The intensity of imported inputs significantly differs both across sectors and countries. Chart 3 demonstrates the share of imports in all inputs calculated for the overall economies and their high-technology manufacturing sectors. In this Chart, the rate of imported input use starts below 10 percent and climbs to around 60 percent. The intensity of imported inputs is low in advanced economies such as Japan, the EU, and the US and in resource-rich regional economies such as Brazil, China, and India whereas it is very high in small peripheral economies of the EU such as the Eastern Europe in particular. Although imported input rates in total manufacturing and high technology manufacturing largely move together, imported inputs are used more intensively in high technology manufacturing. This emphasizes the presence of a specialization in the input structure of high technology products with high value added.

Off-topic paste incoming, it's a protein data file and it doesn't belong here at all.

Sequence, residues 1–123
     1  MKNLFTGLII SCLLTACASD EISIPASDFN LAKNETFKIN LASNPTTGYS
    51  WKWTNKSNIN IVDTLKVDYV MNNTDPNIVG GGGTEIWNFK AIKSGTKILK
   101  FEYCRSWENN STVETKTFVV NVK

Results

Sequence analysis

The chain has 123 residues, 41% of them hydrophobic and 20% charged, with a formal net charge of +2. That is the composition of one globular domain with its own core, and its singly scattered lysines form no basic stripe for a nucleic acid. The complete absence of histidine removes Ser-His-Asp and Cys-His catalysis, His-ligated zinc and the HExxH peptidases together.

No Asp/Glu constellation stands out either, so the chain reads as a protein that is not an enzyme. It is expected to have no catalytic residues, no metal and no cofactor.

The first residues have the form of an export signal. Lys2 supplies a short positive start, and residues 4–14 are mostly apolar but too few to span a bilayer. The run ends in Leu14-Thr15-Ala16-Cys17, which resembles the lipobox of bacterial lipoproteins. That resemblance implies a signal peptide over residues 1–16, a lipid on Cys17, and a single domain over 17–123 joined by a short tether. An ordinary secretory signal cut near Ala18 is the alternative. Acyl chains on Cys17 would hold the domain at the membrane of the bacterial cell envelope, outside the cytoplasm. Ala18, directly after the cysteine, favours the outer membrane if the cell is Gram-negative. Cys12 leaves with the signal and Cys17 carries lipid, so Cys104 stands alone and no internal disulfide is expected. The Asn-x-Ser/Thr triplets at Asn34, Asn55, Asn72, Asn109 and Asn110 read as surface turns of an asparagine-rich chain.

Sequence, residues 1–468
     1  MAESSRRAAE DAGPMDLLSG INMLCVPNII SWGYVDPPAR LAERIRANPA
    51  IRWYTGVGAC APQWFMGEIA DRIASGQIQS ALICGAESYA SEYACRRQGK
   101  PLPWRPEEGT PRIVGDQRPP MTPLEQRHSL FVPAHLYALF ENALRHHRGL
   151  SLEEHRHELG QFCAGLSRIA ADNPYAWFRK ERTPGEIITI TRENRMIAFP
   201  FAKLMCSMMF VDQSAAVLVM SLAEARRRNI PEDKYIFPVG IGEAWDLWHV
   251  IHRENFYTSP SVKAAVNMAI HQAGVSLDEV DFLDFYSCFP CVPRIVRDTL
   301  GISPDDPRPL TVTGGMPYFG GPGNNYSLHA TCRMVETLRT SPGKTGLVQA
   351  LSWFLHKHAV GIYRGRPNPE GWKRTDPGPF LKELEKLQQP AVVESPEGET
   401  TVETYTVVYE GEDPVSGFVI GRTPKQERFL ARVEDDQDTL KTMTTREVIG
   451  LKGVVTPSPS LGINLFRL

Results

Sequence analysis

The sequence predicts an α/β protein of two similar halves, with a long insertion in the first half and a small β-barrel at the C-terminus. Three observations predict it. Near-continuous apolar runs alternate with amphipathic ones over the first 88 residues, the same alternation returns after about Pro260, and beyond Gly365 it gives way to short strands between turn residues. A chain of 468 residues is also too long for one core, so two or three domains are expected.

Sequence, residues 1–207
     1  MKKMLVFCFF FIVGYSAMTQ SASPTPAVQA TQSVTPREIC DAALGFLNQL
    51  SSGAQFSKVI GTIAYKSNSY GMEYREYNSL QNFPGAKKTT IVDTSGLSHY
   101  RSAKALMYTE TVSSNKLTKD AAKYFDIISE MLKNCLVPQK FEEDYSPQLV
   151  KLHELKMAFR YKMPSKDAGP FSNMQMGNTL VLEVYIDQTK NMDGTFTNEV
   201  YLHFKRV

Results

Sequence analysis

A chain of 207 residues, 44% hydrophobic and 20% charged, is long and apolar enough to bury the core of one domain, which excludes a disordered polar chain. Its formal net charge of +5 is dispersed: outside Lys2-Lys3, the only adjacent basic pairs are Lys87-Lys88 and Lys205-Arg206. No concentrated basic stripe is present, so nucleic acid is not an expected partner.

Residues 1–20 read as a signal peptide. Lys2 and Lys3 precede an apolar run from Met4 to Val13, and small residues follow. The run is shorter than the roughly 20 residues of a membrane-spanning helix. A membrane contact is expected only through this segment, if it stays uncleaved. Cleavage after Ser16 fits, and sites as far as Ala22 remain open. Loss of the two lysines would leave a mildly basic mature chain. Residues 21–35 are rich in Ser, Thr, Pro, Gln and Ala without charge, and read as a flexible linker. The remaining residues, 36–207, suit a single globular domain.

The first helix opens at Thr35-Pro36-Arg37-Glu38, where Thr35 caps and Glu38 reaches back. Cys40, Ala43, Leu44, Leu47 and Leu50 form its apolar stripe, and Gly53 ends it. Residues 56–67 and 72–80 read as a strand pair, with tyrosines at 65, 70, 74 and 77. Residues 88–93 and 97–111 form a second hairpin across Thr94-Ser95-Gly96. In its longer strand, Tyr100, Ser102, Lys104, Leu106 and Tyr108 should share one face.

The Chart also shows that the intensity of imported inputs usage in Turkey is not as high as in other countries. Hence, it is hard to take the level of imported input intensity directly as a measure of vulnerability per se. Basic comparisons among countries and sectors suggest that we need to focus on the composition of imported input use and the characteristics of production to identify imported input-related vulnerabilities. We are addressing these points in the next section.
Dependence or Productivity?